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 » The Top 30 Albums of 2010 - Fashionably, fabulously late, our favorite music (and believe me, there was a LOT) of 2010, the year that some have called the best year for music ever. And only some of those fools work here. Plenty of usual suspects, lots of ties and a few surprises that I won't spoil, including our unexpected #1.
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 » Live: Surfer Blood/The Drums at Lincoln Hall, Chicago, IL - Remember when Weezer used to put together records that you could sing along to and rock out to? That's what Surfer Blood's show was like!
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Music Reviews

Screaming Females - Castle Talk
»Screaming Females
Castle Talk
Don Giovanni
Trent Reznor & Atticus Ross - The Social Network [Original Soundtrack]
»Trent Reznor & Atticus Ross
The Social Network [Original Soundtrack]
The Null Corporation
Deerhunter - Halcyon Digest
Halcyon Digest
No Age - Everything in Between
»No Age
Everything in Between
Sub Pop
Robyn - Body Talk Pt. 1/ Body Talk Pt. 2
Body Talk Pt. 1/ Body Talk Pt. 2
The Walkmen - Lisbon
»The Walkmen
Fat Possum
Flee The Seen
Doubt Becomes the New Addiction

Rating: 8.5/10 ?

August 29, 2006
Rare is it that a band can create music that is both brutal and beautiful. Flee The Seen's debut full length, Doubt Becomes the New Addiction, indeed does both. Bassist and vocalist Kim Anderson possess a unique set of pipes, equally likely to let loose a banshee scream as she is a soothing otherworldly melody. This unpredictability is partly what makes this album so darn good. A song that starts dark and punishing will roll into a soaring and melodic chorus. Likewise a tuneful melodic number will be sharply cut off by a throaty scream. Anderson's vocal arsenal, combined with music that is menacing, melodic, dark, and inventive, makes Flee the Seen certainly a band to watch out for. Having a female vocalist in a genre clogged by repressed girl-hating meatheads would be gimmick enough to garner Flee the Seen some attention. Thankfully, however, the band is not content to gain fame from a gimmick- they've also got some chops.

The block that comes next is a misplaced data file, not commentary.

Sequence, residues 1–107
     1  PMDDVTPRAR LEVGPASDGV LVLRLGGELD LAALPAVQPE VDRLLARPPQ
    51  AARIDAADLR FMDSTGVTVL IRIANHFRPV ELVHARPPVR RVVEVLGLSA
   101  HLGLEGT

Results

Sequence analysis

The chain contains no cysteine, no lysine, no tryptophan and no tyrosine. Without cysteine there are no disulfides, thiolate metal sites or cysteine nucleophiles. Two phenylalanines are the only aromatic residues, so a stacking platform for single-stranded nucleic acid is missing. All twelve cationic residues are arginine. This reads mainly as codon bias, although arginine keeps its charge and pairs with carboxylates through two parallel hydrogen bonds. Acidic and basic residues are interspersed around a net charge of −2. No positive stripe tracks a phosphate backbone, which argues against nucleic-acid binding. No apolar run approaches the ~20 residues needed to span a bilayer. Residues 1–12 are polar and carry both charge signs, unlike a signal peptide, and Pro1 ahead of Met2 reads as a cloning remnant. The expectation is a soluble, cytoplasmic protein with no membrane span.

"Wire Tap Out," the band's first single, is the most immediate example of the band's talent. The proggy guitar chugging has enough shifts and changes to make a jittery person jump, yet it's also inherently melodic and memorable. Anderson's screaming is aggressive for sure, but even when she let's loose a shredding shriek she is able to keep everything in perfect pitch. Similarly, choice tracks "I'll Be Back on Sunday" and "Right Before You Disappear" walk the fine line between melodic and aggressive with neither sweetness nor darkness winning out entirely.

After 10 tracks of unpredictability it's fittingly not until the last track that the band let's itself go entirely, crumbling into an eclipsing beauty and melody. The epic and angelic "300 Voices at Liberty Hall" is a 'couples skate' moment for the black hair dye set. Anderson plays it straight with simple, clean and beautiful vocals that, through production trickery, overlap in an intoxicating cacophony. This vocal exhibition is accented by slightly heavy guitar riffing, but the song entirely lacks the aggression of Doubt Becomes the New Addiction's early numbers. Even for the hard-hearted macho types not prone to sappy moments the track begs for repeated listens.

Don't discount a whole genre just because a few bands give it a band name. With all the weak stuff out there, it might be unavoidable to consider screamo a fad long due for departure. Counter to that argument, Flee the Seen plays screamo- but is propelling the genre forward through inventive songwriting and sheer talent. Listening to Doubt Becomes the New Addiction I can only hope that Flee the Seen are not part of a passing trend, but are here to stay.

Reviewed by Dan Williams
A staff writer based in Brooklyn, New York, Dan Williams is a frequent contributor to LAS magazine. He once lived in Köln, Germany for a semester, is currently persuing his MBA in New York, and recently switched sides and began working as a publicist for Special Ops Media in New York.

See other reviews by Dan Williams



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